The intention for most of these balls is for dry conditions. These balls are meant to create very little traction on their own. In other words, their surface will be relatively smooth and have the lowest Ra and Rs. That means they will need the lanes to create traction, i.e., low volumes of oil. So when we say weak, that is to say the ball itself will not tend to want to generate traction. However, these balls can generate a large amount of hook if the lane conditions are correct.

I liken weak equipment to slick tires. Slicks have no grooves. The road has tons of grip, just like the lanes. But try to use slicks in the rain and what happens? The tires and the car hydroplane. That’s because there is simply no grip.
But just like slicks, under the right conditions, these balls can have strong hook on the dry and are capable of very high entry angles.

When to use
When the lanes are really dry, say you’re house puts out a very light condition, or after 1st or second shift, then these will likely find their way out of the bag. You would be surprised how often weak equipment can be used nowadays. Most houses simply aren’t oiling heavily enough. So if you have a medium shot and it breaks down quickly, these are good balls to have.

Use when:

  • Bowl on dry or burnt conditions
  • Bowl on late shift when lanes have broken down
  • Have high revs and can generate movement naturally, on medium to light conditions

Bowling balls are like tires

Strong balls are like studded snow tires. They grip when the condition creates little traction. Remember, you wouldn’t take the sharpest curves when it’s snowing. That’s why these balls don’t tend to have a huge backend!
Medium balls are like all-around performance tires or summer tires. When the conditions have decent traction, they can add some traction and create excellent performance. They can take the curves very well on the right conditions.
Weak balls are like slicks. The conditions have to be right. If there is any rain, they will not work at all. But when the conditions are right, these balls will have booming backends like the best of them.

Remember, use the right ball on the right conditions and you’ll have it made. Know what to expect from your equipment for the highest possible success.

Good Luck and Good Bowling!

5 thoughts on ““Strong” vs “Weak” equipment…Bowling Balls are like Tires!”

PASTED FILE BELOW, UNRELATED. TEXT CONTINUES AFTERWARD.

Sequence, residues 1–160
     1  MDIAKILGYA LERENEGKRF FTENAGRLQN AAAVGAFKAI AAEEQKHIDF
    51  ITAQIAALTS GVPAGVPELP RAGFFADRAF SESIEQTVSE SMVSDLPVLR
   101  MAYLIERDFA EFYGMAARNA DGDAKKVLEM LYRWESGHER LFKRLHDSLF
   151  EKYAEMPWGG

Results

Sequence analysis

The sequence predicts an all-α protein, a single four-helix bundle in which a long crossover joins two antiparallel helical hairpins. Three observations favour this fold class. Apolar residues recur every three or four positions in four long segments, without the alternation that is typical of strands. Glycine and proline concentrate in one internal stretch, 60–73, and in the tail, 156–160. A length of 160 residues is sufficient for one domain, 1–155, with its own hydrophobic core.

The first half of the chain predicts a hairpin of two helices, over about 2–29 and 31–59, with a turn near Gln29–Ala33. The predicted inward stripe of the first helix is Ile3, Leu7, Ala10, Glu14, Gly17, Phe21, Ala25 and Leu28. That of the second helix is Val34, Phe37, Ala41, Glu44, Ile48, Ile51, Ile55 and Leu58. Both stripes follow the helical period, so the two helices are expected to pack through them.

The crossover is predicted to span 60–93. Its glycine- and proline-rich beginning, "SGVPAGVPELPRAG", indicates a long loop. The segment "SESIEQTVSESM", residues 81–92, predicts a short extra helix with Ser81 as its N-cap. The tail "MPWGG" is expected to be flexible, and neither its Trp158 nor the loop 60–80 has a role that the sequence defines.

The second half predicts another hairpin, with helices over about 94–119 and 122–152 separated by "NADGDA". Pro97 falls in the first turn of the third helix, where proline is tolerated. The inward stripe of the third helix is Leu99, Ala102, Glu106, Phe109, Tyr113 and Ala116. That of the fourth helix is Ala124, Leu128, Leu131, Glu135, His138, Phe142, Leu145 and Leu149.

1. Coach T,

    Could you provide the range of Ra and Rs equipment fall within? It would be nice to be able to figure out whether a ball is strong or weak, without the mfr telling us. Also, maybe in a future article, provide the same information about cores; not just the range the Rg and Diff must fall within, but how we can determine from looking at a core, why it is a strong or weak one.


  2. Hi John,
    Thanks for the comments. It’s an interesting question. If we look at the 2008 USBC Ball Motion Study, it is clear that the Ra has the most profound affect on ball motion followed by On-Lane coefficient of Friction, then Rs. What this means is that the Ra or the peaks in the microscopic pores has the biggest impact. These numbers are not readily available for each ball as far as I am aware so I don’t think you would be able to use that specifically.
    HOWEVER, the study did demonstrate that the majority of equipment had very similar Ra once the ball was finished at 1000 grit or above. The standard deviation didn’t seem significant for the most part until the ball was finished to 500grit. Then the surface chemistry of each ball came into play. This study was published in 2008 so it’s tough to say since then whether or not new chemical surface additives have changed this so that the chemical make up of the ball has a bigger impact than surface grit finish.
    The way I interpret the data is that once you get to 2000, 4000, or polished, the Ra of the ball will not be the main differentiating factor in ball performance. Then you have to start looking at Rs which is also not published and then core dynamics which accounts for ~25% of the ball reaction.
    I will write a future article about core shapes. That’s a great suggestion!